Pop, crackle, hiss. No, this isn’t the sound of the new b-grade Rice Crispies.
The music-buying public, deeply enamored with digital downloads, is abandoning the compact disc in droves, but one physical medium is staging a tiny comeback. Amid otherwise gloomy music sales numbers released by Nielsen this week, vinyl record sales doubled compared with the year before.
In 2008, 1.88 million vinyl albums were purchased, more than in any other year since Nielsen SoundScan began tracking sales in 1991. The previous record was in 2000, when 1.5 million LP albums were sold.
Much of this was due to increased sales at independent record stores – more than two out of every three vinyl albums bought in 2008 were purchased at an independent music store.
In 2008, Radiohead claimed top spot in the vinyl realm, both as an artist and for one of its albums. They sold 61,200 vinyl albums during the year, of which 25,800 were its In Rainbows album.
It seems as though people are gravitating towards the aesthetic value of an actual record. I for one enjoy a record’s album graphics and liner notes, but most of all I like being able to hold something in my hand that feels as though it has some sort of physical connection with the artist.
A lot of people still talk about how records sound more accurate than CD’s, attributing this as of the reasons for vinyl’s resurgence. I think this is bull. First of all, people don’t care about sound quality as much as they used to – most music is listened to in MP3 format on $1.99 ear buds through a 50 cent amplifier in an iPod. Second, vinyl is not more accurate, not even close. Yes, it sounds different than CD’s – that’s because of all the distortion due to the massive eq curve that must be applied to the music before it’s put on vinyl (vinyl can’t deal with the extreme bass or treble), which is then reversed when amplified. Of course the stylus and the physical medium itself create a lot of distortion themselves.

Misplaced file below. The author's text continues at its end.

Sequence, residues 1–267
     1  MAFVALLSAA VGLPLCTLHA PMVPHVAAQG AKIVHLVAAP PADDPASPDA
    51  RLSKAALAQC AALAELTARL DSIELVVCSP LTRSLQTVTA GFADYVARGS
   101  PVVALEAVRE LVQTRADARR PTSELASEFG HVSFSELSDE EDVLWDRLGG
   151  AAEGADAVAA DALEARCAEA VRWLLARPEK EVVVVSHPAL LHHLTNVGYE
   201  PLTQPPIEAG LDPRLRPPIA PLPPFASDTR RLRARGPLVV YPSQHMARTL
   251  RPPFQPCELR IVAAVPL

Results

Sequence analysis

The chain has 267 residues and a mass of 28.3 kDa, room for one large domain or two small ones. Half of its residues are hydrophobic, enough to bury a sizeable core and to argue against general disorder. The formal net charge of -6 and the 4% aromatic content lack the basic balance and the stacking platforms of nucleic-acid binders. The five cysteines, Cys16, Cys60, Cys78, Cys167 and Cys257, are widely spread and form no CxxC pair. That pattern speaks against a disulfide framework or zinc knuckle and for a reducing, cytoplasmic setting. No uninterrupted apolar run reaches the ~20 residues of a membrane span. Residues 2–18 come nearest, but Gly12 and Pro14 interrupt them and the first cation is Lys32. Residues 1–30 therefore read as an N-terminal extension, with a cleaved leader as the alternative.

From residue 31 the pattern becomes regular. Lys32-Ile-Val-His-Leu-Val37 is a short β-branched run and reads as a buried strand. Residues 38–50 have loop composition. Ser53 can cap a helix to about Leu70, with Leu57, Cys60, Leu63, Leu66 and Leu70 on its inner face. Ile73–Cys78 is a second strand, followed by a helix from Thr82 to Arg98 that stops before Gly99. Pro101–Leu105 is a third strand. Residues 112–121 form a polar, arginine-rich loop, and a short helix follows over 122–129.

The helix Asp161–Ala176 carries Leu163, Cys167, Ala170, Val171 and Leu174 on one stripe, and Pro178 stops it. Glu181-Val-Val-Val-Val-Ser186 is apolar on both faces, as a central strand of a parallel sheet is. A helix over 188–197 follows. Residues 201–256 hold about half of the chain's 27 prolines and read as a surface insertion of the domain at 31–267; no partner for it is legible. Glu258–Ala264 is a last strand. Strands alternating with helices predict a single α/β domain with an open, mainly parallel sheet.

I could also talk about how the mix engineer isn’t referencing the mix on vinyl. This means that listening to the music on CD format is the closest way to hear how the song was actually intended to be heard. I do, however like the sound of vinyl – it sounds warm, but airy. For some music, it imparts a great organic sound (this is the distortion that we hear) that I enjoy, and it might sound better in some respects, but in no way does it sound more accurate. Of course many mix engineers are applying plugins that mimic the sound of vinyl (or tape) to the music already.
In any case, this is a post about the vinyl industry, not a rant about misinformation about vinyl. It is indeed a happy story as far as I’m concerned because the less virtual music becomes, the more we will actually care about it. I’d think nothing of deleting crappy music from my hard drive, but I’d never throw away a record.
Now, before we all throw out our iPods and go out and buy the latest Sears console record players, lets just put this into perspective: The top-selling *digital* song for 2008 was “Bleeding Love” from Leona Lewis, with 3.4 million units sold (compared with 25,800 for the vinyl of In Rainbows) , while Rihanna was the top-selling digital artist, with 9.9 million units sold (compared to 61,200 for Radiohead’s vinyl records).
Even so, this still isn’t going to make me go and sell my vinyl collection.